Canadian Mining Journal

Feature

Examining flow-through shares in the mining sector

One of the financial incentives made available to the mining industry is flow-through shares (FTS). A FTS is a tax-based financing incentive and is a type of share issued by a corporation to a taxpayer. Corporations using FTS must be a...



One of the financial incentives made available to the mining industry is flow-through shares (FTS). A FTS is a tax-based financing incentive and is a type of share issued by a corporation to a taxpayer. Corporations using FTS must be a principal business corporation (PBC). This is a corporation whose main business is mining or exploring for minerals, the processing of mineral ores for the purpose of recovering metals or minerals, fabricating metals, or marketing of metals or minerals.

The agreement between the two parties includes the PBC agreeing to incur eligible exploration expenses in an amount up to the consideration paid by the taxpayer for the shares. The corporation “renounces” to the taxpayer an amount in respect of the expenditures, so that the exploration and development expenses are considered to be the taxpayer’s expense for tax purposes. As a result of the corporation renouncing the expenses, the shareholder can deduct the expenses as if they were incurred directly.

Eligible expenses

Only certain expenses qualify for flow-through as eligible expenses. They include the following expenditures:

 • “Grass-roots” expenditures – These are expenses incurred for the purpose of determining the existence, location, extent or quality of a Canadian mineral resource. Examples include carrying out geological surveys, drilling by rotary, or trenching, digging test pits and preliminary sampling.

Pre-production expenses These are expenses incurred to bring a new mine into production in reasonable commercial quantities, including an expense for clearing, stripping, sinking a mine shaft, or other underground entry.

“Grass-roots” exploration expenses are also qualified for a super flow-through share (SFTS). These are expenses incurred only from surface exploration. A SFTS provides an individual shareholder 100% deduction for exploration costs renounced by the PBC, plus a 15% non-refundable investment tax credit. Provincial tax credits (such as those in British Columbia, Manitoba, Ontario and Saskatchewan) may also be available.

The Canada Revenue Agency (CRA) also provides their thoughts on what common expenses qualify for FTS. The following is a brief list of rules based on CRA’s current views on FTS and what they look for when auditing FTS offerings:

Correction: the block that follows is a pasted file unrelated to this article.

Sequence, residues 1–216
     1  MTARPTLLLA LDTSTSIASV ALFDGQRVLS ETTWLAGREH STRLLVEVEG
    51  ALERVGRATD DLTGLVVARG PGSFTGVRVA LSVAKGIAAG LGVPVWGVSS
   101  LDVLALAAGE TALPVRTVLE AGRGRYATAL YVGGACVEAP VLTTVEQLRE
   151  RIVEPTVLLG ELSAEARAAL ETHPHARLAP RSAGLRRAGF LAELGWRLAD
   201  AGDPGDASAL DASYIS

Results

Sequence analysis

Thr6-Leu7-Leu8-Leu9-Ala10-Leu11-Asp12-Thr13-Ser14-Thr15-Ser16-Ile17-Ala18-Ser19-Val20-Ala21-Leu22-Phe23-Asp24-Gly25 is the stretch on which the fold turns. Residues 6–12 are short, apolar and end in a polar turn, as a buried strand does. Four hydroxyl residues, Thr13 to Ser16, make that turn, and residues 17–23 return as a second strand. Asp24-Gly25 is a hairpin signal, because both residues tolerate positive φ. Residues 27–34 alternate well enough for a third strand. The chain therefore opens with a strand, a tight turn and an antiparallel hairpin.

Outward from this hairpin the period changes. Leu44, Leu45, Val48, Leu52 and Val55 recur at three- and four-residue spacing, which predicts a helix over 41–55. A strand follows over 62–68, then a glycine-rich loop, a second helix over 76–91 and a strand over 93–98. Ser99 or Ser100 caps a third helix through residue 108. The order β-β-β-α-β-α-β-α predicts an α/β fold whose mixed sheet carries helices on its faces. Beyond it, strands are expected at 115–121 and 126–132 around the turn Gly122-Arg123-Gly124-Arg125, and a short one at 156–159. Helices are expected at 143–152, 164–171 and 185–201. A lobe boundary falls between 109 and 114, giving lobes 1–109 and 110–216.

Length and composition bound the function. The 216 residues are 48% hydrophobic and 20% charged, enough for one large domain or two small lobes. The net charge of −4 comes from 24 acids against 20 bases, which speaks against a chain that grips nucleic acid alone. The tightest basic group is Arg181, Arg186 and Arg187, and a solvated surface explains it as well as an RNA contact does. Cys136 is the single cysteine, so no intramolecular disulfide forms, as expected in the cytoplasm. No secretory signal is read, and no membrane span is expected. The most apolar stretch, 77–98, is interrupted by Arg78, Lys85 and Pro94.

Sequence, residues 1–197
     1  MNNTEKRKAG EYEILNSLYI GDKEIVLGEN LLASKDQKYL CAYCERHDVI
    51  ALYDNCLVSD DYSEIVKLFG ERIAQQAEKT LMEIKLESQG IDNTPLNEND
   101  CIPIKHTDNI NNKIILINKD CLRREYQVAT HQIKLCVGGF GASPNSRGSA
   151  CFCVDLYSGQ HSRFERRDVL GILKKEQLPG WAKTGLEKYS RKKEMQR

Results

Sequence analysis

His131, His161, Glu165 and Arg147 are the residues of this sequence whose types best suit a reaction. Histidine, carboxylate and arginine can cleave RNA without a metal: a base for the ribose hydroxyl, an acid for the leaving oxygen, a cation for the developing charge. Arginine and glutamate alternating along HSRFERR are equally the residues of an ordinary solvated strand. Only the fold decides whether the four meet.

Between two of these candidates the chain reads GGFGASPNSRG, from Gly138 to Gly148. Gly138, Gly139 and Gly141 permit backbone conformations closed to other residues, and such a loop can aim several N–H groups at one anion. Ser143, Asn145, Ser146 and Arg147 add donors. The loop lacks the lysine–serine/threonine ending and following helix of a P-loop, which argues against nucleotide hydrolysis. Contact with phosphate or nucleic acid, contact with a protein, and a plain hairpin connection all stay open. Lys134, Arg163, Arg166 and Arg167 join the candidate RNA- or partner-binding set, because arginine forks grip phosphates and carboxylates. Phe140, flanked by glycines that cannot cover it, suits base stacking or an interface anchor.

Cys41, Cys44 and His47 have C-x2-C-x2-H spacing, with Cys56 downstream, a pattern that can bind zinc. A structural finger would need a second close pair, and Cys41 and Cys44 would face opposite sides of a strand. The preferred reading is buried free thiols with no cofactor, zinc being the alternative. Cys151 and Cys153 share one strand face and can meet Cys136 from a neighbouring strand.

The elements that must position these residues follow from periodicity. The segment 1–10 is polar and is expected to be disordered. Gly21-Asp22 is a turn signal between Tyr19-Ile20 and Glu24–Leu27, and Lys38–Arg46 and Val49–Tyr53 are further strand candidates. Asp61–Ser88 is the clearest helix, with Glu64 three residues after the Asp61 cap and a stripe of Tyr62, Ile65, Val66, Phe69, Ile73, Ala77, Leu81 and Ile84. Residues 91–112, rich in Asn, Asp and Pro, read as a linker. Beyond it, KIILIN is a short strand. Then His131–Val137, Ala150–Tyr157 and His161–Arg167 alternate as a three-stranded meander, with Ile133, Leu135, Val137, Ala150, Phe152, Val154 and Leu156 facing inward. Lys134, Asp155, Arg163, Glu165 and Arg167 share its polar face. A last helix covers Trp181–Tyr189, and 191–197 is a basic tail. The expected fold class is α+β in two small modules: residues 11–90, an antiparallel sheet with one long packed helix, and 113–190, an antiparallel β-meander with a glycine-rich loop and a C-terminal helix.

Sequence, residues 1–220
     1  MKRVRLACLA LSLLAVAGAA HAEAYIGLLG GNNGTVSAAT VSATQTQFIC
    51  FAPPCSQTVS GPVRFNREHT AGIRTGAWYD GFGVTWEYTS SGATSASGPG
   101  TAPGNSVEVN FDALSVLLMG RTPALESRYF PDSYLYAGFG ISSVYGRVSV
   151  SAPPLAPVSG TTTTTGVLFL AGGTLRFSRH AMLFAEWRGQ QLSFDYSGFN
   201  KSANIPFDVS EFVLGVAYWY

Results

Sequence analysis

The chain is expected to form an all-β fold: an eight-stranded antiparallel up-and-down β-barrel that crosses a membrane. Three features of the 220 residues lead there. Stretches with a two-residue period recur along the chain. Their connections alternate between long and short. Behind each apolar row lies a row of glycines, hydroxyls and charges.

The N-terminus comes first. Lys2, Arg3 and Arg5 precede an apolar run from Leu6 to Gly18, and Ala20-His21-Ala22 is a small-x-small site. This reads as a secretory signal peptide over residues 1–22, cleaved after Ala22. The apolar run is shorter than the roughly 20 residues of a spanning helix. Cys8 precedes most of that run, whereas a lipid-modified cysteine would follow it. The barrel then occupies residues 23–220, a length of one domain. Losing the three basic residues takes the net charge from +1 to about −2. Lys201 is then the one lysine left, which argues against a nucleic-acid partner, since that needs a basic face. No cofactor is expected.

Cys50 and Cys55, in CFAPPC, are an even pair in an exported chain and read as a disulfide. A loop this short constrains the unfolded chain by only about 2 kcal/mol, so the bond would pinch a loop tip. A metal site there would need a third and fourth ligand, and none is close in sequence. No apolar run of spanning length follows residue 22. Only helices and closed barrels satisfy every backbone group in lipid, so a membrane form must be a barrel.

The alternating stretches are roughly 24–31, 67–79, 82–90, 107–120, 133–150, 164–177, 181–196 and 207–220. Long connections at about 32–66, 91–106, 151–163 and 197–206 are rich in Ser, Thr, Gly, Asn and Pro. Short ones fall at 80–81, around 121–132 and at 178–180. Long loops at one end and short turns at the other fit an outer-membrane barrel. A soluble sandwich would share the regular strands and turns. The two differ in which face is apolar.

• Drilling, metallurgical testing and associated costs incurred to confirm reserves should qualify;

• Costs incurred that would be included in the capital cost of depreciable property (e.g. road/drilling equipment or construction of housing facilities) do not qualify;

• Overhead expenditures do not qualify;

• Study costs associated with the assessment of mine development options and/or profitability of developing the deposit into a mine will not qualify;

• Costs related to issuing shares, compliance with regulatory requirements, and audit and legal fees do not qualify;

• Consultation costs to gather community attitudes and community information programs do not qualify;

• Feasibility studies to help a company in its decisions on whether to bring the mine into commercial production may qualify; and

• Costs associated with environmental assessments to meet a legal or informal requirements to obtain a permit do not qualify

Renunciation timeframe

To be qualified for a FTS, the PBC must incur eligible expenditures, as outlined above, during the following period:

 • Begins on the date the subscription agreement is signed

• Ends 24 months after the end of the month the subscription agreement is signed

Renunciation must occur before March of the first calendar year that begins after the 24-month period expires. It’s important to note that the amount renounced by the corporation cannot exceed the gross proceeds received by it from the investor for the share.

Investing in FTS involves a number of regulations that can be difficult to understand immediately. Corporations that don’t fully comprehend what a FTS involves can be subjected to significant liabilities, including an obligation to compensate FTS holders for the loss of promised tax benefits. Therefore, it’s imperatives for mining executives that raise exploration funding using FTS to understand the rules and become aware of how the CRA audits such offerings and what expenses qualify for flow-through. By conducting this research in advance, PBCs can start the FTS process on the right foot.

For more information, please visit PwC’s mining site at: www.pwc.com/ca/mining.


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